Ghachok village sprawls across a sloping plateau below Machapuchare – Fishtail Mountain – one of the most striking in Nepal. At the centre of the Annapurana range, the peak rises in a sharp triangle that has never been climbed, since a failed attempt in 1957 when it was declared sacred and out of bounds. The mountain stood like a shining guardian over much of my early childhood in the Gurung village that now falls just within the Annapurna Conservation Area Project.
When I was first carried there as a baby in 1969, there was no Project and no road. The walk took four hours and involved crossing the foaming Seti river on a swaying bridge made of three bamboo poles. I was under three when my Dad got me to walk the whole way, requiring multiple rests at tea shops and several extra hours. I don’t remember that occasion, but I do remember many later trips when he kept me and my older brother, Mark, going with stories: Aesop’s fables, Bible tales, the history of Nepal.
My parents were working in linguistics and literacy among the Gurungs, who are one of over 100 ethnic groups in Nepal and one of the four groups that can join the Gurkhas. Their language – which they call Tamukyui – is from the Tibeto-Burman family and had never been written down. My parents worked with them over the years to choose a script and to represent their language in it; the Gurungs chose Devanagari, used for Nepali and Hindi, because they learn it in school.
We lived in the village for several months at a stretch over a period of 9 years as my parents learned the language and culture, taking copious recordings and notes. Back then, there was no electricity and all water had to be carried on backs from a source higher up the plateau. We had the only kerosene pressure lamp in the community, which meant our home was packed every night with visitors eager to flick through the National Geographic magazines and the View Master slides. (Congratulations to anyone old enough to remember what that is!)
Our home was the middle floor of a house that the landlord had especially constructed to be high enough for my Dad, but like all village dwellings, had only wooden shutters and no glass in the windows. The buffalos and goats lived on the ground floor below us, while the rats had the penthouse, scuttling among the baskets of grains and corncobs under the slate roof. We had one room divided into sleeping and living areas by a sheet of orange hessian, with a half-panelled lean-to at the end that served as ‘office’. Our ‘bathroom’ was a round plastic basin and the ‘toilet’ was a pit in the neighbouring field, surrounded by bamboo matting. My father’s Time magazines were torn into squares for loo roll, though it was a bit too shiny for the job and made for a frustrating reading experience.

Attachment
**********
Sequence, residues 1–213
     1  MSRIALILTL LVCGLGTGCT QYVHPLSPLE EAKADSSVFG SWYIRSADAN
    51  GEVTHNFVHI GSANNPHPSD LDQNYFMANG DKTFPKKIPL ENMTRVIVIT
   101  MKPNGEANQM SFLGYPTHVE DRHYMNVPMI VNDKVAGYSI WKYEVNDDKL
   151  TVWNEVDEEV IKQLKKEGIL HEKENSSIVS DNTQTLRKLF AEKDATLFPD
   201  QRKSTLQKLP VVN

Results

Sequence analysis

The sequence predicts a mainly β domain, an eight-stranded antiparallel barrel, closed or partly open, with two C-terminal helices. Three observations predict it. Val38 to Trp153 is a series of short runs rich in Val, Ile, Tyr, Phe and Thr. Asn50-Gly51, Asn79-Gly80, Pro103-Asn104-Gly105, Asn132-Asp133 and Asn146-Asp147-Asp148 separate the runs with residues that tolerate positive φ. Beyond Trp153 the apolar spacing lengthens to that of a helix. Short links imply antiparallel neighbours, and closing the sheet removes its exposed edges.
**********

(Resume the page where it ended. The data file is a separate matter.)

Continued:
My mother home-schooled us at one end of the front verandah, while a growing number of village folk queued patiently at the other, waiting for her to tend their injuries and ailments. Watching her dispense pills in folded paper packets and daub Gentian Violet on cuts, I always assumed she was a nurse. It was years before I realised she was actually a teacher and relied on the legendary text Where There is No Doctor to help the community and keep us alive.
Like other village kids, Mark and I took a turn of perching on the high bamboo fences to scare off the monkeys from the crops and joined the procession to a central field for the slaughter and butchering of a buffalo. The meat was so tough that even pressure-cooking rendered it barely edible. Animals were everywhere, as was their life and death, their ritual sacrifice and place on the menu. I skipped across the stone-paved yard past flustered chickens who turned up in curry a few hours later, chopped into squares with feet and comb included. We always had a cat to ward off the rats, but my favourite animals were the baby goats, who had silky coats and velvet ears and never fought off my cuddles.
Our school lessons only lasted a few hours each morning and the rest of the time we were free to roam with our village friends. Playtime was often a blend of their games with our toys. Our parents were careful to keep our possessions minimal in the village, but Mark’s trainset was a great hit as was his wooden gun. Long and thrilling hunts ensued, where one kid was the deer and the rest of us galloped off past bamboo clumps and over stream beds in hot pursuit. The finale was to gather the dry stubble from the corn fields and build a small fire, pretending we were roasting and eating the venison.
My own treasure was my doll, whom I carried around on my back and laid in a bamboo basket like village babies. I’d slept in one myself, suspended from the rafters above my parents’ bed, where they could give me a swing if I cried in the night. Tragically, I left my doll in the ‘office’ one night and found her the next morning with half her face eaten away by rats. (Heaven knows what the cat was up to.) I was distraught, but loved her all the more fiercely, wrapping scarves over her head and keeping her close. Around that time, my mother taught us to knit and Mark and I produced a series of misshapen squares. Unbeknownst to me, Mum knitted some extras, sewed them together and backed them with flannelette to make a quilt for my doll. It was my Christmas present that year in the village, and though the doll has long since vanished (hopefully to a place without rats), I still have the blanket.
Now 82 and 79, my parents, are finishing up their work with the Gurung project, and when they said it would be their last trip to Nepal, I said I wanted to be there. Mark pitched in eagerly and so it was that last week, the four of us set off for Ghachok. Just before leaving home in Scotland, I pulled out my childhood photo album, snapped some pictures on my phone and tucked the blanket into my bag.
The story of what happened next is in the coming post. See you there!